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Friday Fave for March 29

Ticking away, the moments that make up a dull day….

If you’re going to keep track of those moments ticking away, you’re going to need to learn to some things. If you’ve interacted with the 3–7 year old set in any extended capacity, you likely know these two things about them:

  1. (1) Their concept of time is quite different from our adult concept of time, and
  2. (2) They are nonetheless steeped in rich language and ideas about time.

For example, here’s a recent exchange reported by Australian teacher and father Mark Bennett through the #tmwyk (Talking Math with Your Kids) hashtag on Twitter:

Playing deliveries with [daughter] and I organised for a delivery of three boxes. I asked her when I should expect the delivery.

She said “7 quarter minutes.”

Is that a long time or a short time?

“Short time”

It is unlikely that anyone has ever spoken to this young one about quarter minutes. Instead, she has heard about quarters, and about a range of time units.

Quarter minute is her own unique, delightful, and mathematically correct creation.

It is with these two assumptions that we designed and released Polygraph: Clocks. Like our other Polygraphs, we’ll pair kids through their devices to play a guessing game that involves asking yes/no questions as they attempt to narrow down the collection of 16 clocks and to determine which clock their partner chose.

What questions can you imagine children such as Mr. Bennett’s daughter asking as they try to figure out that which clock their partner chose? What vocabulary will these children bring from outside of school? What ideas will they have that will be useful in this game, and then offer you opportunities to build with formal instruction later on?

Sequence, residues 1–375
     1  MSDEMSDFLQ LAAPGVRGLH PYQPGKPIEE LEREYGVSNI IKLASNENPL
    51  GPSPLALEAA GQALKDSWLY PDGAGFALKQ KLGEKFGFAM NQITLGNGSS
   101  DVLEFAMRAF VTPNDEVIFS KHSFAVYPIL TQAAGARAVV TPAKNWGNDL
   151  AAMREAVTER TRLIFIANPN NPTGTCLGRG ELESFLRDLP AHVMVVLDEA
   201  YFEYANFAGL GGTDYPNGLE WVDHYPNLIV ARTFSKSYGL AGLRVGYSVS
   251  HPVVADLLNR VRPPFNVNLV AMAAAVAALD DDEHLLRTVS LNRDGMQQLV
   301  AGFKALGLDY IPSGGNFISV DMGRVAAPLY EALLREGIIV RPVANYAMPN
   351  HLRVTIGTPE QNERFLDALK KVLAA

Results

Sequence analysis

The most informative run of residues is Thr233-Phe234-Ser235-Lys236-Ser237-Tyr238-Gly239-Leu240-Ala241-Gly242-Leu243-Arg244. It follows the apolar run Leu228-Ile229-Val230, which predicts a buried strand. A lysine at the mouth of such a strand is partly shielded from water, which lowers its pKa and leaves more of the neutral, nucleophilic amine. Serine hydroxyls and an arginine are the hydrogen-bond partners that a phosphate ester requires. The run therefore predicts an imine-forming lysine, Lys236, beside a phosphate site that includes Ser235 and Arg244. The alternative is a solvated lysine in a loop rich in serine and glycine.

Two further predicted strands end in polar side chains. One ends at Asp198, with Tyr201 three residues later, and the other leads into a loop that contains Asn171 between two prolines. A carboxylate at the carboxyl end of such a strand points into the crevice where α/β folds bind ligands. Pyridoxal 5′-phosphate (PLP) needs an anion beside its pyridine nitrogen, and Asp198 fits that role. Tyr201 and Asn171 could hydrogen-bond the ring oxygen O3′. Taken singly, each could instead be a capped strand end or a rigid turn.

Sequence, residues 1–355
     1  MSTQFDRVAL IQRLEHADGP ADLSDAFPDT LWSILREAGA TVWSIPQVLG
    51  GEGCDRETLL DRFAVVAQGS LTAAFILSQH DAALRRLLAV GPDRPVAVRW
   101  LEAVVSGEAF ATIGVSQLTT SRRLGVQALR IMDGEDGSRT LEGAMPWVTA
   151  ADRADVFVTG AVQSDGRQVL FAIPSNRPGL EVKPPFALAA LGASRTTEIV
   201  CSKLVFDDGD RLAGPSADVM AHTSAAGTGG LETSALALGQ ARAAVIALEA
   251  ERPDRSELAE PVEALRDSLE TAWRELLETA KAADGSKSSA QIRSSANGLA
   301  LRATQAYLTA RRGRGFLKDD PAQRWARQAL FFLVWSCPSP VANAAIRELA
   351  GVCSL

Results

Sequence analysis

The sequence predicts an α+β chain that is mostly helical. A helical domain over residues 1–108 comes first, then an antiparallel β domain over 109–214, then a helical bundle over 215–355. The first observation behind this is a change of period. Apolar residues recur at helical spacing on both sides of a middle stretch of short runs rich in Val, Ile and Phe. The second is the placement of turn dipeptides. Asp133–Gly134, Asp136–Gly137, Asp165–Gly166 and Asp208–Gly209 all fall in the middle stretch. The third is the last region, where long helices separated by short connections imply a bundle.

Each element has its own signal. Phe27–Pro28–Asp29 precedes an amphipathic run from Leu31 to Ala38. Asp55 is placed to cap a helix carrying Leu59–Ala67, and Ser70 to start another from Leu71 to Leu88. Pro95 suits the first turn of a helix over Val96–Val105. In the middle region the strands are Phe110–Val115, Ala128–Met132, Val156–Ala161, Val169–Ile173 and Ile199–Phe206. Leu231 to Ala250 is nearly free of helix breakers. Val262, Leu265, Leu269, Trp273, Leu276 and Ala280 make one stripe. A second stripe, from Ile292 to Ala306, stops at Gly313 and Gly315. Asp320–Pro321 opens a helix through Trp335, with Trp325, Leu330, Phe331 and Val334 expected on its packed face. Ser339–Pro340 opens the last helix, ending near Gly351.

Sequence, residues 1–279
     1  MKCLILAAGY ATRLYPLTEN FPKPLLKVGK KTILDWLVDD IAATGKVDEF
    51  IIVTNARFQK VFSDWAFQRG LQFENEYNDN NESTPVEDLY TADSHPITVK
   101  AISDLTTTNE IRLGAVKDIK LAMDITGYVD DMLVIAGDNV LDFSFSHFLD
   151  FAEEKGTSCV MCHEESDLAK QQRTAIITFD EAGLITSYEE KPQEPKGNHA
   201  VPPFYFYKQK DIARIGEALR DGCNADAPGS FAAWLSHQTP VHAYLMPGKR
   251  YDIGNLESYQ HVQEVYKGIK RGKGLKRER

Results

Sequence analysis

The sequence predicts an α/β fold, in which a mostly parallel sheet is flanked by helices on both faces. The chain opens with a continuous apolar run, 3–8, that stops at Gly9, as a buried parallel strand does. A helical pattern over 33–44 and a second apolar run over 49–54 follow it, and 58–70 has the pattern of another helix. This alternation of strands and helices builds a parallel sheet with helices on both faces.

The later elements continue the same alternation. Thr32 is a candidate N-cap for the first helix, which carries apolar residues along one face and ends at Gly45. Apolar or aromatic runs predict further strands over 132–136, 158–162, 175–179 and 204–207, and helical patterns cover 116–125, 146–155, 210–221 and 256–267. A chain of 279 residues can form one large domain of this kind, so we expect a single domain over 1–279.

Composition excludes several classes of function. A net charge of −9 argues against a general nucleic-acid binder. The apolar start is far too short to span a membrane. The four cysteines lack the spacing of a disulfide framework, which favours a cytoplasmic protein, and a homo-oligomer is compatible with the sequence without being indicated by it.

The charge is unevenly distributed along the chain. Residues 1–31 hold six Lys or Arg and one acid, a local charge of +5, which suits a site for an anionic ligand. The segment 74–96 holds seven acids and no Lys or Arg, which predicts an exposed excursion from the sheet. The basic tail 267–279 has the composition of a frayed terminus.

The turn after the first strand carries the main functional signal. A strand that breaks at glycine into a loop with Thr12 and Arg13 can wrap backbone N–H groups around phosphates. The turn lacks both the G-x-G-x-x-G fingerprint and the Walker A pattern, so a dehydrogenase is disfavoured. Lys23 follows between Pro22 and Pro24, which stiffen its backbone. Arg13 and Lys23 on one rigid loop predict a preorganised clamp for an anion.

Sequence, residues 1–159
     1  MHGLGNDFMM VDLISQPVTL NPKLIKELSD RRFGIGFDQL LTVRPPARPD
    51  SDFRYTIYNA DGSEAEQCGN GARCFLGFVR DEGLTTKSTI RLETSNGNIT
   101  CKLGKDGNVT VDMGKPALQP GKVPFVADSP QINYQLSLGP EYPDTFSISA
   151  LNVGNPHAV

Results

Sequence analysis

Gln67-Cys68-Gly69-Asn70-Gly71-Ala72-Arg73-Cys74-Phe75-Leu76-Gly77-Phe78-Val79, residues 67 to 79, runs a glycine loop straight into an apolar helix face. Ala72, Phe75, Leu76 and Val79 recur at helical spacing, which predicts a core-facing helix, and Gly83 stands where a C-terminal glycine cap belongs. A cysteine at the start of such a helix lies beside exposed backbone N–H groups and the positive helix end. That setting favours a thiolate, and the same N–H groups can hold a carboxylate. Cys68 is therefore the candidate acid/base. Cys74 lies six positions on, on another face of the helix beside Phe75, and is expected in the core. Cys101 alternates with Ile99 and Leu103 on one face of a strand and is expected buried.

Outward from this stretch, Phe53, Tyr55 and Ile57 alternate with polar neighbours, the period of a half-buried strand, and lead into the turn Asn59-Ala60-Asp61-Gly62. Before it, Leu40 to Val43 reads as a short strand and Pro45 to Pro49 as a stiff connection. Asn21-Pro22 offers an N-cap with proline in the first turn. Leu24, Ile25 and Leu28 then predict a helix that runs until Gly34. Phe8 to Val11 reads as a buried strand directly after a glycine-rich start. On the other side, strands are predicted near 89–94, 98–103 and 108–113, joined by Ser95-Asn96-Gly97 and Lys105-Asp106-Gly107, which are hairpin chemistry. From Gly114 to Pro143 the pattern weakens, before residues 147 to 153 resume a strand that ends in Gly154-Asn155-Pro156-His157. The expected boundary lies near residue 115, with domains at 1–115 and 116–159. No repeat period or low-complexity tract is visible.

Image shows an array of 16 analog clocks, each telling a different time that is either on the hour, or 15, 30, or 45 minutes after the hour. The hour hands are all red; the minute hands are all purple.

Rich opportunities for young ones to use and refine their developing ideas about time.

That makes Polygraph: Clocks this week’s Friday Fave.

Friday Fave for March 22

Spring in the Northern Hemisphere. The sun is shining (at least part of the time). The days are getting longer.

In the United States, state testing is on the horizon. This deep into the school year, the classroom can feel a little restrictive; a little crowded. Maybe we need to break up the routine a little and get outside.

While we at Desmos are enthusiastic about leveraging technology to help students develop deep conceptual understanding, we are also enthusiastic about students taking advantage of the flexibility offered by using paper, whiteboards and even sidewalk chalk.

You know that practice task the class was going to work on? Maybe print one set of problems— one question per page—laminate them or use plastic sheet protectors. Tape these to a wall in a library, gym, hallway, or even to the outside walls of the school building. Students can walk around and answer each question on their own paper.

Or you could get outside to use proportional reasoning comparing actual distances to measurements a map, measure tall objects using similar triangles, engage in a Barbie bungee activity for linear equations or Barbie Zipline for right triangle trigonometry.

When there are no large outdoor projects that fit your curriculum, there is always the option of practicing math outside using sidewalk chalk.

Learning outside is this week’s Friday Fave.

Friday Fave for March 15

So let’s say you’ve been using the activities at teacher.desmos.com for a while now, and you decide you’re ready to start building your own activities from scratch.

Having sketched out the flow of the activity and made some decisions about what your students should be doing on each screen, you head to your Custom page, click “New Activity” and start building.

Maybe somewhere along the way, you end up building a complex screen—one that you want to modify and use in a different activity. Back in the old days, that meant you’d need to build the screen a second time.

But lucky for modern-day you, these aren’t the old days! Now you can copy that entire screen from one activity and paste it into another.

animation showing control-C and control-V for copying and pasting a screen from one activity to another

Your usual keyboard shortcut to copy; your usual keyboard shortcut to paste. Easy as Pi Day. That’s what makes screen-level copying and pasting this week’s Friday Fave.